剛果法院首例 12年殺害500多頭大象 盜獵者將蹲30年苦牢 | 環境資訊中心

剛果法院首例 12年殺害500多頭大象 盜獵者將蹲30年苦牢

2020年08月31日
環境資訊中心外電;姜唯 翻譯;林大利 審校;稿源:ENS

剛果共和國刑事法院以殺害國家公園巡守員未遂、販賣盜獵來的象牙、持有武器等多項罪名,判處知名盜獵者和象牙走私者吉拉德(Mobanza Mobembo Gérard)30年徒刑,且必須支付3800萬中非法郎(約台幣199萬元)給受傷的巡守員。

這是剛果共和國的野生動植走私者首次在刑事法院被定罪。

吉拉德因殺害國家公園巡守員未遂、販賣盜獵來的象牙、持有武器等多項罪名,遭判處30年徒刑。照片來源:WCS新聞稿

吉拉德帶領集團 在國家公園殺死500多頭大象

根據調查,人稱蓋瓦尼歐(Guyvanho)的吉拉德帶領一個約25人的盜獵集團。自2008年至今,他們在諾娃貝爾多基國家公園(Nouabalé-Ndoki National Park)一帶殺死了500多頭大象。

該公園成立於1993年,位於剛果北部省份,周圍是非洲森林象和稀有大型猿類的棲地,包括西部低地大猩猩和東部黑猩猩。

剛果民主共和國籍的蓋瓦尼歐於2008年前後來到剛果共和國北部。2018年初,他和其他幾名集團成員殺死了11頭大象,被諾娃貝爾多基國家公園巡守員逮個正著,雙方發生駁火。起初蓋瓦尼奧趁亂逃脫,但同夥三名成員被捕。他們的供詞成為對蓋瓦尼歐發出逮捕令的根據。

除了被殺害的大象數量眾多外,這次事件還顯示該犯罪集團以暴力對抗公權力的傾向,而且公園內外四周的大象盜獵集團行徑越來越囂張。

2018年5月蓋瓦尼歐被捕,被押在歐耶索省城監獄中等待審判。然而,在2018年6月2日,審判開始前12天,蓋瓦尼歐竟然逃獄了。儘管如此,他的審判仍持續進行,並因缺席被判處5年徒刑加500萬中非法郎(約台幣26萬元)的罰款。

除了被殺害的大象數量眾多外,這次事件還顯示該犯罪集團以暴力對抗公權力的傾向。照片來源:WCS臉書

蓋瓦尼奧於2019年7月20日再度落網

法院再次發出逮捕令。蓋瓦尼歐仍然是公園野生動物犯罪部門的通緝要犯,所有曾出沒過的地點都受到監視。這段期間,他曾被目擊繼續參加盜獵活動,每次都與國家公園的巡守員發生槍戰。

2019年5月31日,一名巡守員返回諾娃貝爾多基國家公園總部途中剛好碰上一群剛收工的盜獵者,蓋瓦尼奧赫然在其中。盜獵者對巡守員開槍,導致兩名巡守員受傷,其中一名重傷,幸好被受過急救訓練的同僚救回。

蓋瓦尼奧這次又逃走了,但似乎向人吹噓事發經過而走漏了風聲,當局因此再次掌握他新的藏身之處。透過監視行動,蓋瓦尼奧終於在2019年7月20日落網。

蓋瓦尼奧被送回歐耶索省服刑,並再次嘗試越獄,這次沒有成功。很顯然,蓋瓦尼奧在歐耶索省有強大的後援,極有可能再次越獄。國家公園管理部門於2019年8月成功獲得批准,得以將蓋瓦尼奧和三名同夥轉移到布拉柴維爾監獄。

學者:此次判決是剛果在野生動植物保護上的重要里程碑

諾娃貝爾多基國家公園由總部位於紐約的野生動物保護協會(Wildlife Conservation Society, WCS)和剛果共和國政府透過諾娃貝爾多基基金會合作管理,已經長達25年。

WCS中非地區主任斯托克斯(Emma Stokes)博士說,這名盜獵犯能被繩之以法,靠的是諾娃貝爾多基國家公園野生動物犯罪部門和反盜獵部門三年來的努力,以及和森林經濟部、警方和地方檢察官等的多個有關當局合作的成果。

「此次判決是剛果共和國刑事法庭在野生動植物保護上一個重要的里程碑。以前所有環境犯罪都是在民事法庭審理的,最高刑期僅五年。今日的判決顯示,野生動植物犯罪不會再被容忍,將從重量刑。」斯托克斯說。

Congo Imprisons Elephant Poacher for 30 Years
BRAZZAVILLE, Republic of Congo, August 22, 2020 (ENS)

 A criminal court in the Republic of Congo has sentenced a notorious poacher and ivory trafficker, Mobanza Mobembo Gérard, alias Guyvanho, to 30 years in prison for the attempted murder of park rangers, trafficking of ivory from poached elephants, possession of military weapons, and other charges. He is also required to pay damages of 38 million Central African Francs (US$68,000) to the injured rangers.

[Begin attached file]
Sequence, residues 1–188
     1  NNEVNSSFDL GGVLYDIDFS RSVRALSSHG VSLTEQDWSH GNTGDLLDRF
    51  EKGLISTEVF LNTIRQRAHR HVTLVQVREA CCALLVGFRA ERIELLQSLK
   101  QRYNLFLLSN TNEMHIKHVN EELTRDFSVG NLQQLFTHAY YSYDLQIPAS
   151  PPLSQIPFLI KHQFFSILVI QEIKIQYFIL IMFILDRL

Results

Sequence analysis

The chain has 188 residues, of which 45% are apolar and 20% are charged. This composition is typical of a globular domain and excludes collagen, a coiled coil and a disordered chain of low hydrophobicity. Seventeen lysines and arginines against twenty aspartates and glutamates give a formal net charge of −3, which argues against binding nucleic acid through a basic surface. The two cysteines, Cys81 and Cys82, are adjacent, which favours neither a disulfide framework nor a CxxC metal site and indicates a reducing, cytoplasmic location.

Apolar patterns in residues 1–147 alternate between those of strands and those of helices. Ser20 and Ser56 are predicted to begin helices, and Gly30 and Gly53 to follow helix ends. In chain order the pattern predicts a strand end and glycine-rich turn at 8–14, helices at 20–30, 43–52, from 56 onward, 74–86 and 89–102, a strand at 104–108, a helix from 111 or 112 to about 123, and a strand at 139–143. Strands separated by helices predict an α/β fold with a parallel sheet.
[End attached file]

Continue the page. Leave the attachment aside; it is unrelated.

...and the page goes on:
The 30-year sentence marks the first-ever conviction in the criminal courts of a wildlife trafficker in the Republic of Congo.

Investigations revealed that Guyvanho led a group of approximately 25 poachers who, based on the number of hunts reported, could have killed upwards of 500 elephants in the area of Nouabalé-Ndoki National Park since 2008.

Established in 1993, in the northern provinces of Congo, the park is inhabited by forest elephants and rare great apes, including western lowland gorillas and the eastern subspecies of chimpanzees.

In early 2018, Guyvanho – a citizen of the Democratic Republic of Congo who had arrived in the northern Republic of Congo around 2008 – and several other members of his team were caught in an operation led by Nouabalé-Ndoki National Park rangers, after they allegedly killed 11 elephants. A firefight ensued and Guyvanho was initially able to escape, but three members of his team were arrested. Their statements provided sufficient grounds for an arrest warrant to be issued against him.

In addition to the number of elephants killed, this incident demonstrated the willingness of this group to respond with violence when challenged. This was indicative of a trend of increasing violence of elephant poaching gangs in and around the park.

In May 2018, Guyvanho was arrested and remanded in prison in the provincial town of Ouesso to await trial. However, on June 2, 2018, 12 days before his trial was to take place, Guyvanho escaped from the Ouesso prison. Still, his trial went ahead, and he was sentenced in absentia to five years in prison with a five million Central African Franc (US$9,000) fine.